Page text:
High-fiber food is very healthy for the body and its recommended that it be apart of your daily diet.
Roughage, often known as dietary fiber, is a part of plant-derived food that cannot be entirely broken down by human digestive enzymes.
Although fiber comes from plants and is good, it provides little nutritional value but offer health benefits in different ways. High-Fiber food also provide a sense of fullness without containing empty calories. People who consume lots of fiber are consuming stool bulking foods and will have less risk of developing...
It is important to know that research comprising around 88,000 women found no significant data regarding consumption of high-fiber food and reduced incidence of colorectal cancer or benign growths.
A study of 58,279 men published in 2010 revealed no link either between dietary fiber and colorectal cancer.
Does that mean that you should stop eating a diet high in fiber? No! Everyone is different and one diet does not fit all, therefore Studies will vary.
Futhermore a nine-year study of 388,000 individuals aged 50 to 71 revealed that those who consumed the most fiber were 22 percent less likely to die.
In addition to a decreased risk of mortality from heart disease, appropriate consumption of fiber-containing foods, particularly grains, was associated with a lower incidence of infectious and respiratory disorders, as well as a lower risk of cancer-related death, particularly among men.
Another 20-year research of Japanese participants aged 40-64 years conducted in 2022 found an inverse link between increasing soluble fiber consumption and a decreased chance of acquiring dementia throughout aging. Don’t stop eating your fiber unless you’re allergic to it.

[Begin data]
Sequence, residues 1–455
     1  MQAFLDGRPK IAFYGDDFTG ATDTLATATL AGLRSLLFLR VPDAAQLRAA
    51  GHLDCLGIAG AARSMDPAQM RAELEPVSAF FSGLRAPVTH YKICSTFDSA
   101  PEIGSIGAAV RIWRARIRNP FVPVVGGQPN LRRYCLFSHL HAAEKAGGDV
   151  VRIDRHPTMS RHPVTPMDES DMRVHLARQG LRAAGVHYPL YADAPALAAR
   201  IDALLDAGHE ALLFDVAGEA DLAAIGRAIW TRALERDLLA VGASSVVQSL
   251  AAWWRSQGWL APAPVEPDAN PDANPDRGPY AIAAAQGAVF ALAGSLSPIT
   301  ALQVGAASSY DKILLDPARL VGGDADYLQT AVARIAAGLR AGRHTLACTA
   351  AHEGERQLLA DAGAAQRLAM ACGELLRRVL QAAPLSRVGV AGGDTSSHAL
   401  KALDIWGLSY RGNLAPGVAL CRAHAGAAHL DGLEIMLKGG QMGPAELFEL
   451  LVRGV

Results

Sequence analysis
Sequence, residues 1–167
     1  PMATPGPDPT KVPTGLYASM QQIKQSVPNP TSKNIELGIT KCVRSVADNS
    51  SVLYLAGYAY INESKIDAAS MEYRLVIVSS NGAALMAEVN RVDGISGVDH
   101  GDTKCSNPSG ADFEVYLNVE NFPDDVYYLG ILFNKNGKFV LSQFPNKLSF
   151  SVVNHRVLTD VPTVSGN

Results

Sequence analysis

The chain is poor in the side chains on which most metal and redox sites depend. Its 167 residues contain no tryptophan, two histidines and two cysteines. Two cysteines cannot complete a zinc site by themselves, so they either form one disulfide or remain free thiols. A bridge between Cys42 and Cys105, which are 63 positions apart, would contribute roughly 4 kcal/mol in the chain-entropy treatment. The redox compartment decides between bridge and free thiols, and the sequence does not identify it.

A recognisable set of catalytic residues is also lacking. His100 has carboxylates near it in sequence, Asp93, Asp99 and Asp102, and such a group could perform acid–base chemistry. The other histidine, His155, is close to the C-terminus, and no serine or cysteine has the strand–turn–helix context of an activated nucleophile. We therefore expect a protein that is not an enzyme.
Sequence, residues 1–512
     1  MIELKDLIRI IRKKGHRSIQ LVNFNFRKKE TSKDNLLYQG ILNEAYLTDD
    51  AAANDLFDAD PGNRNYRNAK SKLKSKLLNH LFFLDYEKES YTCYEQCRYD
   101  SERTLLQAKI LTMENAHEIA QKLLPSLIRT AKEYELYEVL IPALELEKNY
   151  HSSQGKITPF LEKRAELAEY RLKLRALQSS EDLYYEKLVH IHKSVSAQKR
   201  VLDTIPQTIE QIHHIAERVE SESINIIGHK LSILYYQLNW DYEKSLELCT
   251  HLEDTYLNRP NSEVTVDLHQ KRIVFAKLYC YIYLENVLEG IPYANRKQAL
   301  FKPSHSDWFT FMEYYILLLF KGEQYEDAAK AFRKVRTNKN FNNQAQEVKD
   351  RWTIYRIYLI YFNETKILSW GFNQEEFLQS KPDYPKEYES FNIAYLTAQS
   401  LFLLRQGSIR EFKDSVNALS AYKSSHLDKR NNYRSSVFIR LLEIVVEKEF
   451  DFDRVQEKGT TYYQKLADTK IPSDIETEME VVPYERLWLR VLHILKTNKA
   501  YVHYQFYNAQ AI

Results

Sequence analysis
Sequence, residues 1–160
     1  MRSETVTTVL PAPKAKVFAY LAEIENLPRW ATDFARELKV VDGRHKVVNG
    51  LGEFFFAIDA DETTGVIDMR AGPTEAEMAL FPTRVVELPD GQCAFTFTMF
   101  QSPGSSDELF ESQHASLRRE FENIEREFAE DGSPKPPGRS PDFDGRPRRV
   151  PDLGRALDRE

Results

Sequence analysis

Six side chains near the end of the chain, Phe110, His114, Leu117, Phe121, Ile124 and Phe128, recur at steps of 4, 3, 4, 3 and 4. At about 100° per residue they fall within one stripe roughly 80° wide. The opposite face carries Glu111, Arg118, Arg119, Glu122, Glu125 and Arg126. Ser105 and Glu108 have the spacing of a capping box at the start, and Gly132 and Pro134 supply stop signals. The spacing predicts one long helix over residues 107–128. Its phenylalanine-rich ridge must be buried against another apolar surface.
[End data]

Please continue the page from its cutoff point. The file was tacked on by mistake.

They are two types of fiber, soluble and insoluble. Some people may ask which dietary fiber is better, but at this time, none is better than the other because both serve a special purpose in the body to promote health.
Lets start with soluble fiber and its effects:
Soluble fiber During digestion, attracts water and produces a thick gel, it slows down the stomach from emptying, decreases intestinal transit time, protects carbs from enzymes, and delays glucose absorption which reduces blood sugar level.
It reduces total and LDL cholesterol, potentially lowering the risk of cardiovascular disease. This type of fiber helps to slow the absorption of glucose from the intestines into the blood stream and improves the blood sugar balance.
Insoluble fiber on the other hand helps to regulate blood sugar levels, which may reduce glucose and insulin levels in diabetic individuals and lessen diabetes risk.
Improves regular poop by hastening the flow of meals through the digestive tract.
It adds bulk to the stool, which helps with constipation.
It also helps to bind excess fats and toxins in the digestive tract, to be excreted. This is why high-fiber food is very important and I cannot stress it enough.
|Fruits||Serving size||Total fiber (grams)*|
|Pear, with skin||1 medium||5.5|